Purchase this article with an account.
C. Skorpik; Therapeutic Posterior Lamellar Keratoplasty After Ulceration or Perforation. Invest. Ophthalmol. Vis. Sci. 2010;51(13):1614.
Download citation file:
© ARVO (1962-2015); The Authors (2016-present)
Corneal diseases with progressive thinning are difficult to treat (tissue glue, amnion transplantation, keratoplasty). In keratoplasty results are impaired by preexisting surface disease, wound problems or high postop. astigmatism. Posterior lamellar keratoplasty leaves the patient's cornea intact and seals the affected area adding corneal tissue via anterior chamber.
Between 12/08 and 03/09 5 surgeries were performed after standard surgery/treatment had failed on these eyes: 1.:excentric descemetocele following multiple surgeries; 2.:perforated ulcer in Stevens-Johnson Syndrom; 3.:perforated ulcer after alcali burn; 4.:perforated ulcer in rheumatic disease; 5.:perforated neuroparalytic ulcer. A lamellar posterior graft (ALTK-system, 250µ) was implanted through a 3.2mm temporal incision. Graft size depended on the affected area. The graft was positioned and air inflated to enforce adherence between the lamellas.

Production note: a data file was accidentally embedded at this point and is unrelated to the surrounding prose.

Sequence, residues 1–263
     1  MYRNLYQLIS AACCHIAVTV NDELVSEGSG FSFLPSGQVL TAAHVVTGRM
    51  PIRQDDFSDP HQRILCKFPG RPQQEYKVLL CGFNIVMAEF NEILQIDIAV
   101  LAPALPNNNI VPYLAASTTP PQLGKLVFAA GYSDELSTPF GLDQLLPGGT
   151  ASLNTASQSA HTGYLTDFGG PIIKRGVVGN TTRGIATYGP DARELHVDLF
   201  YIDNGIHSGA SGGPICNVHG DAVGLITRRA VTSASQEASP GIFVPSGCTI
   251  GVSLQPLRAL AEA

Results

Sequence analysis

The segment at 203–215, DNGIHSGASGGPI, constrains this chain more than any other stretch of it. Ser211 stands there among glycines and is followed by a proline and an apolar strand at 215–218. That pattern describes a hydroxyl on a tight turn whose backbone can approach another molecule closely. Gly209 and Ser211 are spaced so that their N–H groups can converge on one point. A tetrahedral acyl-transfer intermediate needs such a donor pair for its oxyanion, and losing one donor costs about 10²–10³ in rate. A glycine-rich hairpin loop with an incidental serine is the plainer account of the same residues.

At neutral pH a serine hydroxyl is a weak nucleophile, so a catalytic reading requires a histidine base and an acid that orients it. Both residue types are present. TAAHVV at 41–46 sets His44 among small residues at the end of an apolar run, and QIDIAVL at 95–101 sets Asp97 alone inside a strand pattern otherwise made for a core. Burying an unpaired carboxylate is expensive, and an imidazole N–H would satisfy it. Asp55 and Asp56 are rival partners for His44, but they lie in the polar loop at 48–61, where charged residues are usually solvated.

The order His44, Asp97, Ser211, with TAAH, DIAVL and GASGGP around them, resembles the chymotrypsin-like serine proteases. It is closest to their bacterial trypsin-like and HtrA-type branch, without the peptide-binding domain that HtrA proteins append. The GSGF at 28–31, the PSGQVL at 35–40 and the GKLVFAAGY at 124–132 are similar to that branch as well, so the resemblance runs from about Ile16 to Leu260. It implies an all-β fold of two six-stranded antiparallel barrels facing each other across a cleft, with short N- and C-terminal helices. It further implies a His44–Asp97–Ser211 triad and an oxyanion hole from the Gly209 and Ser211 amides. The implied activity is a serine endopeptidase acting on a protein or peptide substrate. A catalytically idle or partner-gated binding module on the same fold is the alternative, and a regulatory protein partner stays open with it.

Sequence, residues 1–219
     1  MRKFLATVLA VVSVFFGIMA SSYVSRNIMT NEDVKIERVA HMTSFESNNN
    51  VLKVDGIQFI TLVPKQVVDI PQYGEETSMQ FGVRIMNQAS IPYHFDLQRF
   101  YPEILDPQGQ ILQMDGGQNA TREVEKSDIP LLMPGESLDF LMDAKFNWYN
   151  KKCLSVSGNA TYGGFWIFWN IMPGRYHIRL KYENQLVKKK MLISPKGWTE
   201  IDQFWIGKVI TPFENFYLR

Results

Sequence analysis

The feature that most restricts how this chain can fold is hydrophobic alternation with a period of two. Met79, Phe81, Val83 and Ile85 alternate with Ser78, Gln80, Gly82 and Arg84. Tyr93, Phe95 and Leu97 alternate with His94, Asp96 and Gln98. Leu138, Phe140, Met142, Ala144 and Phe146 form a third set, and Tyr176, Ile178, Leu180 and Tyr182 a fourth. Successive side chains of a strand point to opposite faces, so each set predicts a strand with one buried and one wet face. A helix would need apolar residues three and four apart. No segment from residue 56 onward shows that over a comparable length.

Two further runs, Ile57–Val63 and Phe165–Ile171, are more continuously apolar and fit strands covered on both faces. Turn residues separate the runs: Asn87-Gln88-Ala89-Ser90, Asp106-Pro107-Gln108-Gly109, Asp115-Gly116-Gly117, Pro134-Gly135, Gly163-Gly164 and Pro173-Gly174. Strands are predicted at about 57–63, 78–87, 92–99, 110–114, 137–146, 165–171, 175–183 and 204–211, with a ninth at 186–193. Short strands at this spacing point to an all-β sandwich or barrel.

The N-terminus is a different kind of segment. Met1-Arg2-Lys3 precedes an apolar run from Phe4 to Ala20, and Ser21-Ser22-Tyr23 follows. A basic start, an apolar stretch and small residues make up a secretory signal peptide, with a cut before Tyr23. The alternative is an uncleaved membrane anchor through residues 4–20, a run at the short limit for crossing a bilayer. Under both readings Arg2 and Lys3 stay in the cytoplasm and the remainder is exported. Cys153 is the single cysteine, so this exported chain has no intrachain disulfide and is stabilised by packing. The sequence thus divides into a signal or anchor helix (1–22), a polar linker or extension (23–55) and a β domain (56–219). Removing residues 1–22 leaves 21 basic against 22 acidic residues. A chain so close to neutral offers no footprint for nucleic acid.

In all cases the transplant could close the defect, respectively thicken the area with descemetocele. With additional surface protective therapy (lubricant eye drops, bandage contact lense, amnion) the thinning could be stopped and the epithelium could be closed permanently. In anterior lamellar keratoplasty or perforating keratoplasty corneal tissue is removed for adaptation of the transplant. Irregularities of the wound enforce surface problems in these cases. Closing the defect at the posterior surface leaves the patient's cornea unchanged and only closes the affected area.
In this technique thickness and configuration of the transplant can be adapted individually. The technique offers promissing advantages to standard surgical techniques.
This PDF is available to Subscribers Only